“Then my father decided to go in a different direction after bringing in an advisor, Alan Marriott,” says James, who is a keen gym-goer and fan of Formula One and cars. “Since then we have made a ‘clamp brick’, which is more bespoke, hand-made, which maximised on the factory’s traditional methods of production.”

Bricks start from a raw material of shale excavated from nearby Kirkby Moor which is shaped, mixed with various chemicals and powders and fired at 1,050°C. The coal-powered kiln gives a distinctive heritage finish, unable to be replicated in gas-fired machines, that offers a new material an instant 100-year-old look.

Ever conscious of the environment, the kiln has produced a product throughout the entire time it has been fired and great care is taken to ensure the highest of efficiencies, with the operating permit and fuel usage approved by the local environmental agency.

The firm also operates a zero waste product policy in its processes and recycles every single brick that is not up to scratch, the materials reused in the next load of bricks. In the quarry, used and redundant areas are landscaped and restored to fit in with the surroundings.

Furness bricks are unique in colour, texture and finish and are proving suitable for heritage restorations, extensions and popular among homeowners who require a bespoke look to their new builds.

“It is ironic how at one point we felt the traditional methods of production made us feel like we were going backwards but they have been key to our success,” says James. “Our old machines are very difficult to find nowadays and there are very few kilns left in the world like ours.”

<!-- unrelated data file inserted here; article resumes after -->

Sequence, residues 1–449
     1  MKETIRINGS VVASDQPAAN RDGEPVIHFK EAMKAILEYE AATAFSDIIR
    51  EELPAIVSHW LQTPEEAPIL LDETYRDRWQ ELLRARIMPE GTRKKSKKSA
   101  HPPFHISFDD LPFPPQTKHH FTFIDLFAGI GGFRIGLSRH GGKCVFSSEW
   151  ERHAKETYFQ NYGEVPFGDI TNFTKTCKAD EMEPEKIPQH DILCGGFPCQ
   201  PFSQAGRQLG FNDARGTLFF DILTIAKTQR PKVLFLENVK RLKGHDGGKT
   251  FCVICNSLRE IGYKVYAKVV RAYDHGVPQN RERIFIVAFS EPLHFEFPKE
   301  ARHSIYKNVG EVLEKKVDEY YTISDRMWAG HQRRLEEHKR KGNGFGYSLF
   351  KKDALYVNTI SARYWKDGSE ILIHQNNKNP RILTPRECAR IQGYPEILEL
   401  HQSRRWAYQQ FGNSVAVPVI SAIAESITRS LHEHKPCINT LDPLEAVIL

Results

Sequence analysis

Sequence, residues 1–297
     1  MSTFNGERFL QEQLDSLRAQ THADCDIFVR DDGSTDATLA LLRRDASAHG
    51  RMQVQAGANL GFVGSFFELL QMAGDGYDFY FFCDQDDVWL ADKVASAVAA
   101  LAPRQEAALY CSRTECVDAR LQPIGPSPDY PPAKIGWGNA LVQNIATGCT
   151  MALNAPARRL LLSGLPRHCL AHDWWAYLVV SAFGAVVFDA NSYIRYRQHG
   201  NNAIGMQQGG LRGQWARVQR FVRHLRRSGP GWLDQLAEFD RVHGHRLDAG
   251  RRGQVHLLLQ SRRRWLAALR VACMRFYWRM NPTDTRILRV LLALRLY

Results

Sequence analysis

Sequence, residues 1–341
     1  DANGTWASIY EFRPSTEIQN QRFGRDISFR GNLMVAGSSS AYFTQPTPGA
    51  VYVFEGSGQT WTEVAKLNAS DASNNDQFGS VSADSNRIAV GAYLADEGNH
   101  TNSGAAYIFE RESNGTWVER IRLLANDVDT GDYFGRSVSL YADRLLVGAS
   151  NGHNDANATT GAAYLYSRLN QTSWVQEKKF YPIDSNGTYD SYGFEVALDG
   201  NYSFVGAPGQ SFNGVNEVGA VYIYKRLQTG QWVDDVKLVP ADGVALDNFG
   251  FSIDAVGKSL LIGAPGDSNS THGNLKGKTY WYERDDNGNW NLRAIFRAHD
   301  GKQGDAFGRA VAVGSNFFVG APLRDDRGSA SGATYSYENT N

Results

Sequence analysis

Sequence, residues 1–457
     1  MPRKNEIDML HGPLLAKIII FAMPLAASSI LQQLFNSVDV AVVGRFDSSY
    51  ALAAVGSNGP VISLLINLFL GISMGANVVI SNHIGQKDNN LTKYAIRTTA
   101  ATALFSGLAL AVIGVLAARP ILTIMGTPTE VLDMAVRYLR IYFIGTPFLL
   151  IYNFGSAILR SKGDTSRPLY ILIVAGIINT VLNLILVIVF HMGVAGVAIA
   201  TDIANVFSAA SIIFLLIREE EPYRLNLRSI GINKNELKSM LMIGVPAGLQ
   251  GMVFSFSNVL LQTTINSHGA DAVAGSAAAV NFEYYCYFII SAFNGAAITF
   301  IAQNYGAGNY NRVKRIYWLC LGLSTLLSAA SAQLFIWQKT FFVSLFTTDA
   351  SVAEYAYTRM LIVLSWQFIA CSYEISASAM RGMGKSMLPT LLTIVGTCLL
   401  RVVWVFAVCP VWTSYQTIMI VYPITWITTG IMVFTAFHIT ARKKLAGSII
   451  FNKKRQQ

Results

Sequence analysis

It’s a product that is good enough for prestigious organisations and individuals including the National Trust and English Heritage, and celebrities including Sir Elton John, Roy Keane and Michael Owen. The owner of Coca-Cola ordered a special blend for his new house in Atlanta, as did the Victoria and Albert Museum, in London, for construction work that would blend in with the existing building. A brewery ordered new tiles for that instant century-old appearance.

The new Springfield Hospital, in London, a facility for people with mental health issues, is currently taking a quarter of total production after its Danish architect fell in love with the brick.

Whilst the UK takes the bulk of Furness Brick’s stock, they have also found their way to Qatar, New Zealand and America. At every stage Furness Brick’s specialists are able to guide customers through every aspect of style and design.

Equally important are individuals who source the bricks direct for their self builds or buy through a number of distributors who also like to keep them in stock with names such as Russet White, Ember Blend and Chapel Blend filling the order books.

The Victorian range of pressed smooth bricks allows customers access to a style and texture no longer available through any other UK manufacturer while charm and character of a bygone age can also be created thanks to a special weathering process. For clients with specific needs dictated by the age of their properties, Furness Brick also offers a colour matching service as well as imperial-sized pressed buff bricks.

So the future looks as solid as the bricks that fill the site yard. “We are planning to reroof the kiln, which was last done in 1945 when it was built,” says James. “Otherwise there will be investment in maintenance as we need to keep the old machinery running to give us that authentic traditional look that people love.”